What it really means that two of Robert Mueller’s prosecutors have left the team


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Two of the seventeen prosecutors on Special Counsel Robert Mueller’s team have left the building, and despite the relative lack of details about the departures, we’re seeing it spun in seventeen different ways by various pundits on different sides of the political spectrum. In reality there are three different plausible explanations for what’s going on here, and we’ll spell out all three.

All we know for sure is that Ryan Dickey and Brian Richardson, who are being described as “relatively junior” members of Robert Mueller’s team, have left the team. The most straightforward explanation for this kind of thing is that it means nothing at all. Mueller and his team have been at this for a year and a half, and team members come and go for personal reasons. But that explanation probably won’t satisfy those observers who are asking why two people have left.

So the second explanation would be that there was some unknown scandal in play with these two prosecutors. However, Robert Mueller’s spokesman says that there are no “political allegations, the appearance of bias or any other wrongdoing” and based on track record, we don’t see any reason that he would lie about this kind of thing. The third explanation would be that these two prosecutors have simply finished the work they were brought on to do. Mueller has hired prosecutors with various backgrounds and specialities to handle different aspects of the Trump-Russia scandal, and not all of them are going to be needed all the way until the end.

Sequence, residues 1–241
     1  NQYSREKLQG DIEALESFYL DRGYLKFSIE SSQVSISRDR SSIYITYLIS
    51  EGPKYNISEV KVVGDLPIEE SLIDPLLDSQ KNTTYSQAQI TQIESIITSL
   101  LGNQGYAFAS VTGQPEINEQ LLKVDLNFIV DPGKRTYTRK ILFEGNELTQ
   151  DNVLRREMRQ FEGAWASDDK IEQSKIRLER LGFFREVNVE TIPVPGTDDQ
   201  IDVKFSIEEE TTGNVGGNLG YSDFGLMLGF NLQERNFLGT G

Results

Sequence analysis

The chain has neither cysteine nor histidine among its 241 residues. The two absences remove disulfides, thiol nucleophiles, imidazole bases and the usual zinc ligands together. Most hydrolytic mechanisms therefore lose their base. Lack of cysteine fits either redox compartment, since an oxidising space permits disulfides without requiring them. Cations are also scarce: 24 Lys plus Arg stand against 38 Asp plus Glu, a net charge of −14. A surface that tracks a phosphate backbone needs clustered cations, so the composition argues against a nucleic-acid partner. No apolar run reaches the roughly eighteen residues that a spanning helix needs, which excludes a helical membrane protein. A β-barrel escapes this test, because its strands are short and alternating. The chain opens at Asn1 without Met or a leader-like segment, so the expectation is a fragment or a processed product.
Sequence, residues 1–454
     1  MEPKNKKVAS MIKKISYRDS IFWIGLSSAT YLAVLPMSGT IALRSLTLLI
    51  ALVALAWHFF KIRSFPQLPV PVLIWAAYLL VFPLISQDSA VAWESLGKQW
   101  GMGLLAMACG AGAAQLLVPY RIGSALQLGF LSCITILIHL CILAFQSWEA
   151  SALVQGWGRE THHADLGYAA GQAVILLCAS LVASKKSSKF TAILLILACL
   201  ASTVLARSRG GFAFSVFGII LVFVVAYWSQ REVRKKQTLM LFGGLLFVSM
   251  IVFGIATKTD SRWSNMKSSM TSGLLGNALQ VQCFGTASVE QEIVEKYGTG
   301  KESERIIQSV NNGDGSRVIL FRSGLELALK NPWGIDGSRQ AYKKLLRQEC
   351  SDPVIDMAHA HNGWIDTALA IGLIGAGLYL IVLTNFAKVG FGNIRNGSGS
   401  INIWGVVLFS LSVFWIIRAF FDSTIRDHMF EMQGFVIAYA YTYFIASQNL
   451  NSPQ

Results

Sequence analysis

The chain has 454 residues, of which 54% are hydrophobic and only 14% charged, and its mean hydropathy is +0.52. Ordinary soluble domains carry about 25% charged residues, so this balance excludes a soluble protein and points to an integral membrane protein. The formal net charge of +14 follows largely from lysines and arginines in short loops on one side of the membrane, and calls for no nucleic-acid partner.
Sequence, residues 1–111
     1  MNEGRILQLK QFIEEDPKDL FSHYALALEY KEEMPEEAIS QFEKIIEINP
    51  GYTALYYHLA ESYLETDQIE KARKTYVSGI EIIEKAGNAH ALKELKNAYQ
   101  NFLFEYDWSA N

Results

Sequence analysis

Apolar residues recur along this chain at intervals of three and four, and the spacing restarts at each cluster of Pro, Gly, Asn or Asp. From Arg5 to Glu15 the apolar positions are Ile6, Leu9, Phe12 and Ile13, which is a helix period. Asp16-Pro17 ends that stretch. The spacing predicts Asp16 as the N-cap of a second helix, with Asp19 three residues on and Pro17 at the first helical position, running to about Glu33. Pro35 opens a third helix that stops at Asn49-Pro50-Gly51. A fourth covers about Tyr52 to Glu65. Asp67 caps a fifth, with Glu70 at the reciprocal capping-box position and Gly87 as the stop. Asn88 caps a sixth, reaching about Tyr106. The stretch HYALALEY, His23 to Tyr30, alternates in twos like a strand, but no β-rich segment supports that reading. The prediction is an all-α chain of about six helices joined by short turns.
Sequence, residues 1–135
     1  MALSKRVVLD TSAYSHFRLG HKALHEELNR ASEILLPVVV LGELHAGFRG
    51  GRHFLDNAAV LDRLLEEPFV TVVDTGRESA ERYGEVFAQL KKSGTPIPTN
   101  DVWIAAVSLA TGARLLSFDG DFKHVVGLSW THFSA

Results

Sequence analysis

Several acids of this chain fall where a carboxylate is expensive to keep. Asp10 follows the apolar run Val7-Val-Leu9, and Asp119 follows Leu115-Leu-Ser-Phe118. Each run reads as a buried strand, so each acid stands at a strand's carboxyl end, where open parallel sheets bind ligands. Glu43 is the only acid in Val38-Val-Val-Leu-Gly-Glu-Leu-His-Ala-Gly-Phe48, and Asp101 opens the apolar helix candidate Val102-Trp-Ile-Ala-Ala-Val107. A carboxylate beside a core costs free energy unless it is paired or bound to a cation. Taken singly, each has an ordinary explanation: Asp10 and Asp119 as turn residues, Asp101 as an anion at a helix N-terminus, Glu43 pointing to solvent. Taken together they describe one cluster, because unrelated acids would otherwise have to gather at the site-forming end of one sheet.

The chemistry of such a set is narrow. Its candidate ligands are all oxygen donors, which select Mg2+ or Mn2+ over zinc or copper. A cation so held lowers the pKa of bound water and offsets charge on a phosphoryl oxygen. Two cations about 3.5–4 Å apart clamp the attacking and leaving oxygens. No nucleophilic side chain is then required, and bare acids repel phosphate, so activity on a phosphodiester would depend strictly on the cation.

This is not a sign that Robert Mueller is planning to end his investigation soon, or that he’s scaling things down, or anything like that. Back when Mueller expanded his team from thirteen to seventeen people several months ago, we saw some pundits try to spin that as a sign that Mueller was somehow winding things down. So of course we’re going to see the same spin now. But the reality is that when two people on a seventeen person team move on, it doesn’t necessarily mean anything at all.

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